In the past I have talked about my theory of the two major categories of shonen fighting protagonists. I call them the Shonen Hero and the Seinen Hero. The Shonen Hero is what you very stereotypically think of with the genre. They are passionate and ambitious but have almost no experience. Therefore everything must be explained to them but they have an endless pool of potential to draw from and so they learn powerful techniques almost instantly. In contrast the Seinen Hero while still in a shonen magazine feels like a character taken from a series for older men. These character usually have years of training under their belt and tend to be more stoic and coldly driven. They are not perfect but they are 80% of the way to maximum. Usually their journey is about perfecting their skills, adding to their already powerful repertoire, or learning to work with a team. Not every shonen fighting protagonists falls into these two categories. There are some notable exceptions or combinations of the two but nine times out of ten your hero will fall into one of these categories. Naruto and Simon are your stereotypical Shonen Heroes while Luffy and Kenshiro are your stereotypical Seinen Hero.
Until recently I would have told you that sports anime pretty much follows that same formula to the T. The main character who joins the team is either the fresh young buck with no skills but an insane potential and a killer move or a cold ace with the crazy skills but with a major flaw. Like the shonen fighting protagonist there is the very rare exception to this rule but overall they are just as easy to divide into the two camps. The thing is the last few shows we have been watching have added a third archetype that I have never really seen be this predominant until now. They are the Super Support Protagonist.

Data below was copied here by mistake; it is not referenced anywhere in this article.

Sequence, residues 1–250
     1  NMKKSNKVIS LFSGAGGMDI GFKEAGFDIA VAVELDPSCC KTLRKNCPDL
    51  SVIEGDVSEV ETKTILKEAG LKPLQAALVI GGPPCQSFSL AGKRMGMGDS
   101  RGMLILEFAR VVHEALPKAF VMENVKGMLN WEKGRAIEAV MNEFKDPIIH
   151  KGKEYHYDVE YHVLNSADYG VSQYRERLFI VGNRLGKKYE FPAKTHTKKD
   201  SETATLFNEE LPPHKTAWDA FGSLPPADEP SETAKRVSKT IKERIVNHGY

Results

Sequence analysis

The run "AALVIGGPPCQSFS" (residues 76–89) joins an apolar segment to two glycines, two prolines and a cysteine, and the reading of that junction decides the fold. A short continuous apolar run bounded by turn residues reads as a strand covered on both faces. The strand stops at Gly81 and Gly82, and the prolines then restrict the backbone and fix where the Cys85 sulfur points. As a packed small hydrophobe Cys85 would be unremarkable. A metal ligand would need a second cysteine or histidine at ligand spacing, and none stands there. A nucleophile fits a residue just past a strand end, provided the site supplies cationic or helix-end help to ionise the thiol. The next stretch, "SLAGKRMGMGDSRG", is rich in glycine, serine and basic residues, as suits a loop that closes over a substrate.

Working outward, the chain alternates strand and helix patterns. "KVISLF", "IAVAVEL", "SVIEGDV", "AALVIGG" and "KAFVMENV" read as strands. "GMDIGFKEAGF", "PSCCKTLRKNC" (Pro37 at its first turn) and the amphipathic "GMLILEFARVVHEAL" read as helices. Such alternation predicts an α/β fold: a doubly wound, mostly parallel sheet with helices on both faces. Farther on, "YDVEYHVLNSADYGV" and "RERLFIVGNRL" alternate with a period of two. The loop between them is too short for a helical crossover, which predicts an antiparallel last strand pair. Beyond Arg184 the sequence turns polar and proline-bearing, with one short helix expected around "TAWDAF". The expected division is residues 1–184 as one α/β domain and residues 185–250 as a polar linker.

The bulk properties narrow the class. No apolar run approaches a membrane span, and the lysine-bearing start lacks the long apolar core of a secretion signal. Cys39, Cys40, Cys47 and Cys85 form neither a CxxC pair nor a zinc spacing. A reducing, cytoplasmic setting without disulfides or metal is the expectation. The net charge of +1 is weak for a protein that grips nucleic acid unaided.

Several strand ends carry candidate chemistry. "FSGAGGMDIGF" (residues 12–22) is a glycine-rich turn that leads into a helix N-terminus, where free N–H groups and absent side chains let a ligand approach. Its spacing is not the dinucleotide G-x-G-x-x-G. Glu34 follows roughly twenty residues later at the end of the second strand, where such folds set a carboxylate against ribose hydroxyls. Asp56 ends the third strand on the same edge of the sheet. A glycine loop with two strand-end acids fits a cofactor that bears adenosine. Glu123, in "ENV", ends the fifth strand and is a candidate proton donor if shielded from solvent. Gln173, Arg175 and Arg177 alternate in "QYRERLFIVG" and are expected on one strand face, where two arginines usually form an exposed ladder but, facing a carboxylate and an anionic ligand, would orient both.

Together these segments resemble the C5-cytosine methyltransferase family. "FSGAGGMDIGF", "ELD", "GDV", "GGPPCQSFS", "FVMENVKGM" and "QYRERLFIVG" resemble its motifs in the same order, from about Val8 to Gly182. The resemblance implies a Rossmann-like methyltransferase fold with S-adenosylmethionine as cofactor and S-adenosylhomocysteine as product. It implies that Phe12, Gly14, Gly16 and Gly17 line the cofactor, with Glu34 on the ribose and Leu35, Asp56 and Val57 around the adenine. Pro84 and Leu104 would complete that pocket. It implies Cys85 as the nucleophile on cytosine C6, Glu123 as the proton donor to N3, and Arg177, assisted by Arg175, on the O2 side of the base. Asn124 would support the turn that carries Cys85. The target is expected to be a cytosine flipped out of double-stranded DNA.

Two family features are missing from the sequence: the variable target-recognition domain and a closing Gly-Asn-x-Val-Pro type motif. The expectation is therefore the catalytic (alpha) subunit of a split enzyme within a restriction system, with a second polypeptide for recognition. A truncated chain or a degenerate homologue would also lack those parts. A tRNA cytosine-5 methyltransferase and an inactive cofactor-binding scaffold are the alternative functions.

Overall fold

The thing is this character is a mixture of the Shonen Hero and the Seinen Hero but with some added elements that make them more than just a blend of the other two. Usually the protagonist is the star of the team. They are the character who scores the most points, gets all the important points, and draws all the attention, love, and hate to themselves. The Super Support Protagonist might do that on occasion but most of the time they are there so all the other characters can shine or work together better. They usually have some technique or place in the team that helps everyone around them. If the Shonen Hero is the fighter, and the Seinen Hero is the wizard, then the Super Support Protagonist in the bard. In years past they would have usually been secondary or tertiary character on a team. Someone who might get an episode of two in the spotlight but no more than that. But apparently this Super Support Protagonist is appearing more and more as the lead in modern sports shows.
No longer the stoic genius or the hotblooded ace; more recent heroes of sports anime are the guys who would have been side characters in the past. And it isn’t just their personalities that mark them as previous side characters, but their roles on their teams, too.
Kuroko’s central role is passing the ball. Hinata is the decoy of the court. Onoda pulls the other members along so they can conserve their strength. All of these characters act in the best interest for the rest of the team. Each of them is integral to the team succeeding despite them not necessarily having the role that gets the most outside attention or glory. So intentionally or not, all of these titles end up emphasizing how important a cohesive team is maybe more so than when the central figure is the ace.
Kuroko, Onoda, and Hinata all feel like they occupy the same spot in the team: the soul.